So in short, this is very much recommended. It collects together six very different character and manages to tie them into one coherent narrative. The explanation for events is pleasingly intelligent and there's lots of little moments to enjoy along the way. I must just give the Iris story one more mention - you can really sense Llewellyn having fun and it's one of the best things Big Finish have put out over the last few years. In fact, as a complete product, I think that's true of the whole of Worlds. I've really enjoyed going through this at the pace of one episode a day. Just a quick mention for the production - Steve Foxon's music and sound design is excellent here and there are several extremely catchy tunes used. Foxon gives Worlds an enjoyable fluidity and the work displayed here is clearly that of a talented performer.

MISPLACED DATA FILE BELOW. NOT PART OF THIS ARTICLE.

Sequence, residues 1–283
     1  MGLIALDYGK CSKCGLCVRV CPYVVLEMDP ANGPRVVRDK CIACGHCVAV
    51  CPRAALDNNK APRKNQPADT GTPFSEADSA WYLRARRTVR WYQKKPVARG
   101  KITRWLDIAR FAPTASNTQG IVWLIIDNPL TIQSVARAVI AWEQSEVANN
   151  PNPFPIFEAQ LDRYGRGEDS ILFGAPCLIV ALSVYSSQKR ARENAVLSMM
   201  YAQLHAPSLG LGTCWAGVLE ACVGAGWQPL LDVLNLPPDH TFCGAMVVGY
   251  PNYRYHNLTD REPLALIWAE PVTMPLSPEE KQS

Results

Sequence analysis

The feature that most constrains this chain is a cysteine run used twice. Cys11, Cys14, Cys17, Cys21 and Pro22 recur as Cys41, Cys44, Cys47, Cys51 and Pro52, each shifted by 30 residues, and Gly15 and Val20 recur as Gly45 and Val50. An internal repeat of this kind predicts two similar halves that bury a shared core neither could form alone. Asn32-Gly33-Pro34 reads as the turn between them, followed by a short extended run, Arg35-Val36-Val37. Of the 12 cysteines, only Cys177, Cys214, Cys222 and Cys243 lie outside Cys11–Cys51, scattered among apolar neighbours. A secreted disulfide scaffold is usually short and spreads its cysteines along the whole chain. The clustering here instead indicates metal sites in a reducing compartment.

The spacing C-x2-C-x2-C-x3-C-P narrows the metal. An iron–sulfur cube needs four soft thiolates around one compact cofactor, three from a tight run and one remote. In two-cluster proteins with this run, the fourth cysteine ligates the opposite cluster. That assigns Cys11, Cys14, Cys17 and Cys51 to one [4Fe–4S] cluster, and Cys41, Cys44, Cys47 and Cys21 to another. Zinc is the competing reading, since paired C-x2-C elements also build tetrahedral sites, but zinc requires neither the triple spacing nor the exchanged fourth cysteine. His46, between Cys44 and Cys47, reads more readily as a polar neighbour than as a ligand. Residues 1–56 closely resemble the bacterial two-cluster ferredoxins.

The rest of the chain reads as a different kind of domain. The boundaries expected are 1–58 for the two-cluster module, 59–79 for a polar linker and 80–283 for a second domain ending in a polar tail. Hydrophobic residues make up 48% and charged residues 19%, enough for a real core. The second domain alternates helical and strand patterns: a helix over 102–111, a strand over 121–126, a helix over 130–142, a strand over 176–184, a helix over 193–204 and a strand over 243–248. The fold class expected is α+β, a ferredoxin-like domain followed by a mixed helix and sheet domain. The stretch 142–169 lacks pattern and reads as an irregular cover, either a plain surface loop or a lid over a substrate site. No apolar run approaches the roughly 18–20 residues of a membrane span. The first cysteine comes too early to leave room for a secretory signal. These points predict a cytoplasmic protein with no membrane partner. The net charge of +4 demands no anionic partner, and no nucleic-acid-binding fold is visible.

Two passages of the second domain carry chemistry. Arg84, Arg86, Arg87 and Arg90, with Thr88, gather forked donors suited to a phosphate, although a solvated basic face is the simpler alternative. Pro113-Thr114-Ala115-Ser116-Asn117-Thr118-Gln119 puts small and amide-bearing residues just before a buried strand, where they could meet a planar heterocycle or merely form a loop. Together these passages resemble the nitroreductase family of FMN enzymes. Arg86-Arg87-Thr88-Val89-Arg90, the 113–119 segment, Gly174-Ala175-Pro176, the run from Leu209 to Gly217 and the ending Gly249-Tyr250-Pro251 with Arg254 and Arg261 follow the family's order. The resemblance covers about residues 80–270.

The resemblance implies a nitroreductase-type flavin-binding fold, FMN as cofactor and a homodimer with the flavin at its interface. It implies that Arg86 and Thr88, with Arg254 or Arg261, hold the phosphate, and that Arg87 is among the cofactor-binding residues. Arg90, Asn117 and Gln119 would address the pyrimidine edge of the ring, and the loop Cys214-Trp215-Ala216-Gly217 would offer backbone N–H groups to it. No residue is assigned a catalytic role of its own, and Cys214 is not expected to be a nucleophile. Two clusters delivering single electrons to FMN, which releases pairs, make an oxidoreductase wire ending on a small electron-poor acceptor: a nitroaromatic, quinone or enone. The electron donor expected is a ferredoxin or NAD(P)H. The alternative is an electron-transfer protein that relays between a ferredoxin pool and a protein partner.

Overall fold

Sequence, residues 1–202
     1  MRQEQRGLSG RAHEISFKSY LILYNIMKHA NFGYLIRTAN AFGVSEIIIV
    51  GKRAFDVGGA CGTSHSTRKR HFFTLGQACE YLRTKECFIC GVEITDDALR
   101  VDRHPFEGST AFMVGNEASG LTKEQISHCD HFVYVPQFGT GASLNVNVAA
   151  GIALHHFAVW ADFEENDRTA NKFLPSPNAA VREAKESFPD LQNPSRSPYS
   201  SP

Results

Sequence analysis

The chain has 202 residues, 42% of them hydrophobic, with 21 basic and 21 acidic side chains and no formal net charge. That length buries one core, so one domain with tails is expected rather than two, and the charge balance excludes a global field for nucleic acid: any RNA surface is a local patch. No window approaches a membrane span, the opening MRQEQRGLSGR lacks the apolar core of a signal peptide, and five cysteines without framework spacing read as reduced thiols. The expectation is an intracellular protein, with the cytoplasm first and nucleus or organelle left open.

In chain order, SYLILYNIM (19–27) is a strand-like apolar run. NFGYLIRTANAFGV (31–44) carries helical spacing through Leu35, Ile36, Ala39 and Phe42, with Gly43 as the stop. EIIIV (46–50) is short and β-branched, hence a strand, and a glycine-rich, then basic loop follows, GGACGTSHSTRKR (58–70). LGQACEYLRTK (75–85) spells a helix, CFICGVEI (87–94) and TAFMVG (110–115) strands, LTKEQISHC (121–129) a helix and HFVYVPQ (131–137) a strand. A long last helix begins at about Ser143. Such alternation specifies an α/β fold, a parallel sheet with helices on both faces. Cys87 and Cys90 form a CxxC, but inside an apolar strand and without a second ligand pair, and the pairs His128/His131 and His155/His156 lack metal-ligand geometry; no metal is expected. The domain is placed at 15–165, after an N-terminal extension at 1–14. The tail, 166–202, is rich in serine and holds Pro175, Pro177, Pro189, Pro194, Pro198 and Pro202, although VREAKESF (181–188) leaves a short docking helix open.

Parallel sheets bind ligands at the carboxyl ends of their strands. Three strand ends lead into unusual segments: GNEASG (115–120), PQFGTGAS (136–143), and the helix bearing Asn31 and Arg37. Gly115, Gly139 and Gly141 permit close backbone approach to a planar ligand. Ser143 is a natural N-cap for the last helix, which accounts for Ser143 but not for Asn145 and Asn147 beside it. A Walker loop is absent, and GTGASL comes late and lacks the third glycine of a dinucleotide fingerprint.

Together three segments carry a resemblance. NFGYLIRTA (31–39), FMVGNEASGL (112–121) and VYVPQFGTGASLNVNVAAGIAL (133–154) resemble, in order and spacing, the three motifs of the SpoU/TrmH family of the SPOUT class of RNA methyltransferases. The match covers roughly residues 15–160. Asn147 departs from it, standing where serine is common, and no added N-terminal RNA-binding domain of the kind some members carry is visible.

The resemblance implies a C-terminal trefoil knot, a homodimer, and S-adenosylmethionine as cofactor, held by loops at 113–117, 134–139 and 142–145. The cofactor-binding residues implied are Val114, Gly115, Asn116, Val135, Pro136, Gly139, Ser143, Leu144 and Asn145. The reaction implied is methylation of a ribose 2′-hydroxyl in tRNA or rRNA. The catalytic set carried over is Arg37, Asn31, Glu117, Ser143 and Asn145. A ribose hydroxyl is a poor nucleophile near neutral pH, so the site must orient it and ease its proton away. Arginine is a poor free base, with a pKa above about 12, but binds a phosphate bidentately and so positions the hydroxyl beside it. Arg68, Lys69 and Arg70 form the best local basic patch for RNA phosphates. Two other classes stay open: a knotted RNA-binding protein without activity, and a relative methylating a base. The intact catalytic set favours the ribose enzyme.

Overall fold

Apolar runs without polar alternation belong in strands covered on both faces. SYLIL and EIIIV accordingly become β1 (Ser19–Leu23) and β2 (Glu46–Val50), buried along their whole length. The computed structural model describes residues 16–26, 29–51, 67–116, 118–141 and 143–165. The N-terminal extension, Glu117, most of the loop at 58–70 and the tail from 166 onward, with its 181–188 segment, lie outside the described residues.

The boxset model that Big Finish seem to be leaning towards increasingly saddens me a little bit because it makes things like this less of a series when you can listen to the whole lot in one go. Something like the Dorian Gray or Bloodlust model of making downloads steadily available before releasing the physical set would probably be my preference nowadays. But, returning to the product itself, this is a fantastic, three-hour epic that I'd happily recommend to Big Finish fans, no matter their vintage. 

At the amazing price of £20 for the four CDs, I don't think you can go wrong with this digestible yet thoughtful release. There's something for everyone.

Handcock and Llewellyn are magic together and I can't wait to see what they come up with next.